During the past decade, companies of all sizes have migrated away from the traditional compensation model of seniority pay and annual raises. Instead, they now depend more on variations of performance-based pay and incentive bonus plans. Bonuses reflect a company’s definition of success and the extent to which that measure is met.
A bonus is an addition to regular salary or compensation that is provided, usually near year-end, to enable employees to share in profits resulting from a successful year.
Bonuses are often used in closely held companies to enable shareholder-employees to withdraw the maximum compensation income from the company each year. Bonuses are used for executives of larger companies as an incentive-oriented form of compensation, based on the attainment of profit or other goals during the year. Bonuses may also be used to assist company owners in funding cross-purchase buy-sell agreements or in contributing their share of the premium for a split dollar arrangement.
- Bonuses provide an incentive-based form of compensation that is very effective because of the close connection between performance and reward.
- Bonuses allow flexibility in compensation to reflect company performance, both in closely held and larger corporations.
- Bonus programs are simple to design, despite some tax constraints.
- Bonuses generally do not offer an opportunity for the employee to defer taxation of compensation for more than one year.
- Bonuses are limited by the requirement of “reasonableness” for the deductibility of compensation payments by the employer.
- Bonuses are taxable to the employee as ordinary income.
A bonus, together with other compensation, cannot be deducted unless it constitutes a reasonable allowance for services actually rendered. Therefore, bonuses can be very large if they are based on profit or earnings and the company has a very good year. The IRS can sustain the reality of unreasonably excessive bonus being paid to an employee for two reasons:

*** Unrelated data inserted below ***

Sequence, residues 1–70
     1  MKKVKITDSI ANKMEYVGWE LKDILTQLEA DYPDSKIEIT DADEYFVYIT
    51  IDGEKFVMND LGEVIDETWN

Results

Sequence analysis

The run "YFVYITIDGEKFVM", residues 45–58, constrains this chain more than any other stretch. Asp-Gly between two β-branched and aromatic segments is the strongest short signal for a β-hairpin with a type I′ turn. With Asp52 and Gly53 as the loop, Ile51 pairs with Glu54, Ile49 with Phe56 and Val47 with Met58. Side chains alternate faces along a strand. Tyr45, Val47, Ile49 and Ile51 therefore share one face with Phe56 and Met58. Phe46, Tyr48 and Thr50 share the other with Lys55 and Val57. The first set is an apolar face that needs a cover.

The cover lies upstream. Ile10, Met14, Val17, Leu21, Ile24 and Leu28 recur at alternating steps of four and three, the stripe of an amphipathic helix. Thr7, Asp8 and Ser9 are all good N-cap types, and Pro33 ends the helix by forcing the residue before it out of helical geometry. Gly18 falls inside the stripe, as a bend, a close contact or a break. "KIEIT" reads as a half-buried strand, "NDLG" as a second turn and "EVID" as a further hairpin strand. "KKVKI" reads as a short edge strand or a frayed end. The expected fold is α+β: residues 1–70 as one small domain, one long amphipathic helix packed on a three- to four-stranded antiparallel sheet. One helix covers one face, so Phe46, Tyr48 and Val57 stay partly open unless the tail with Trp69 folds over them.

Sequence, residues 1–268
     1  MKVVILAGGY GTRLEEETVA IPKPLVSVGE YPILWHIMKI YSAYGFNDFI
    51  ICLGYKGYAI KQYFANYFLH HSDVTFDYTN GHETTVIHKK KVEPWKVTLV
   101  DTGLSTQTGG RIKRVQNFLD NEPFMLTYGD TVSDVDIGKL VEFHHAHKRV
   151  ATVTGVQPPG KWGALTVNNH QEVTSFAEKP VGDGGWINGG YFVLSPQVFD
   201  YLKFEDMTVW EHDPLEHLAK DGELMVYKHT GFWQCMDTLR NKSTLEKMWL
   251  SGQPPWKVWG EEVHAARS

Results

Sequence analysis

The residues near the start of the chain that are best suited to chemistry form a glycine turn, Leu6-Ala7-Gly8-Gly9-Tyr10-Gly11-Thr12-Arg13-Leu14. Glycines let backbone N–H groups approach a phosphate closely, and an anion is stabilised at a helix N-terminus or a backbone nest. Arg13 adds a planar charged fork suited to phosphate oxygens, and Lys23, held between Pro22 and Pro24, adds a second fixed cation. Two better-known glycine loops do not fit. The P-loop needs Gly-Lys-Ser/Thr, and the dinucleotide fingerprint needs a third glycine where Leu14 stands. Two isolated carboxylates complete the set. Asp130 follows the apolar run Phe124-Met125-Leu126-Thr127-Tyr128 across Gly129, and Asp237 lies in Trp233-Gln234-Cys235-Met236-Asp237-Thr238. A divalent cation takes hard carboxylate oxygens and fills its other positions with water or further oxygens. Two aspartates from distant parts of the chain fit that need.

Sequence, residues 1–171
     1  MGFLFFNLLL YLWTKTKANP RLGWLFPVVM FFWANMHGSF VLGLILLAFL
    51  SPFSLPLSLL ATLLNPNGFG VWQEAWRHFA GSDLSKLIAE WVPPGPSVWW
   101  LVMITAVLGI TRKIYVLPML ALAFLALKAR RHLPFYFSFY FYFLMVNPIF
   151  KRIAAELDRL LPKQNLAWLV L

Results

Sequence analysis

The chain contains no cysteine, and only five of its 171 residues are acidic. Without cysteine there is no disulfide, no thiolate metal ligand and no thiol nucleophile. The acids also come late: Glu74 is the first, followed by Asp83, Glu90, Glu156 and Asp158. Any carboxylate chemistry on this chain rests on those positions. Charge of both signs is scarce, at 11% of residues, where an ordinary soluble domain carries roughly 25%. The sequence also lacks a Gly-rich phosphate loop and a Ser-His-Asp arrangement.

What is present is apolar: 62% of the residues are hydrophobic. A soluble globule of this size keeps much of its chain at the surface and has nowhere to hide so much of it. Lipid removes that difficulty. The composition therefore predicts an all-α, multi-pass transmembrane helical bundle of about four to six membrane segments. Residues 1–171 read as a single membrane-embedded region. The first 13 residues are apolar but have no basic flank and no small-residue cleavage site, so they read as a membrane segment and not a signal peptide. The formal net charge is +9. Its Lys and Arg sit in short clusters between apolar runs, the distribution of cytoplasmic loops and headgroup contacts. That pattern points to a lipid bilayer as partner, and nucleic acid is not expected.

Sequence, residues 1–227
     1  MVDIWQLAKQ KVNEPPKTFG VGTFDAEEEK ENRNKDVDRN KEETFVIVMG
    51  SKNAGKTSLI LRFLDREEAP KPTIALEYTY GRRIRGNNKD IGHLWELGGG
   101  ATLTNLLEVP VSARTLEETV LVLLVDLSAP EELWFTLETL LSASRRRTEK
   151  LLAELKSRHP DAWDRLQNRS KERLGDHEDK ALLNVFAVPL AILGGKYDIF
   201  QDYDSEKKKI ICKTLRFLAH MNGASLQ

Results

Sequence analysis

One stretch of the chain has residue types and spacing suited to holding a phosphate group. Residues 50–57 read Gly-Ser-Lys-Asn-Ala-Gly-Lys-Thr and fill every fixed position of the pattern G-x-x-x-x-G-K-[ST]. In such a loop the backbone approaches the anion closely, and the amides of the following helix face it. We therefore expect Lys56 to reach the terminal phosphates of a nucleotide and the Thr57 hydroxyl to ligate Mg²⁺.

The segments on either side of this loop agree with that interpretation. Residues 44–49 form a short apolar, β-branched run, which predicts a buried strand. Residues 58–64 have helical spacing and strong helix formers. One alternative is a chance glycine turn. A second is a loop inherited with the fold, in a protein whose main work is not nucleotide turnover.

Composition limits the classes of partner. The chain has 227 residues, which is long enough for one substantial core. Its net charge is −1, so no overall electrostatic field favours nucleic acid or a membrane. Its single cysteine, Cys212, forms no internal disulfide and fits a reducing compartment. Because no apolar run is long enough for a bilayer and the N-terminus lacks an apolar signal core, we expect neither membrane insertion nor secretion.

- Reasonableness of compensation is often tested in accordance with circumstances existing when the bonus agreement is entered into rather than when the bonus is actually paid.
- In testing the reasonableness of a bonus, both the IRS and the courts will usually take into account the element of risk involved to the employee.
- As with cash compensation in general, taxation can be avoided or deferred by various types of noncash compensation plans including qualified pension and profit sharing plans, nonqualified deferred compensation plans and medical benefit plans.
- Stock option, incentive stock option (ISO) or restricted stock plans are forms of deferred compensation with many of the same incentive features as a cash bonus plan.
How are these plans set up?
Bonus plans can be established as a written agreement or be informally established as verbal agreements. There are no tax or other legal requirements for a written plan or for filing anything with the government. However, a written plan is often desirable, and in that case, employer and the employee may want to consult with a benefit specialist. For more information regarding this topic, please contact Henssler Financial at 770-429-9166 or [email protected].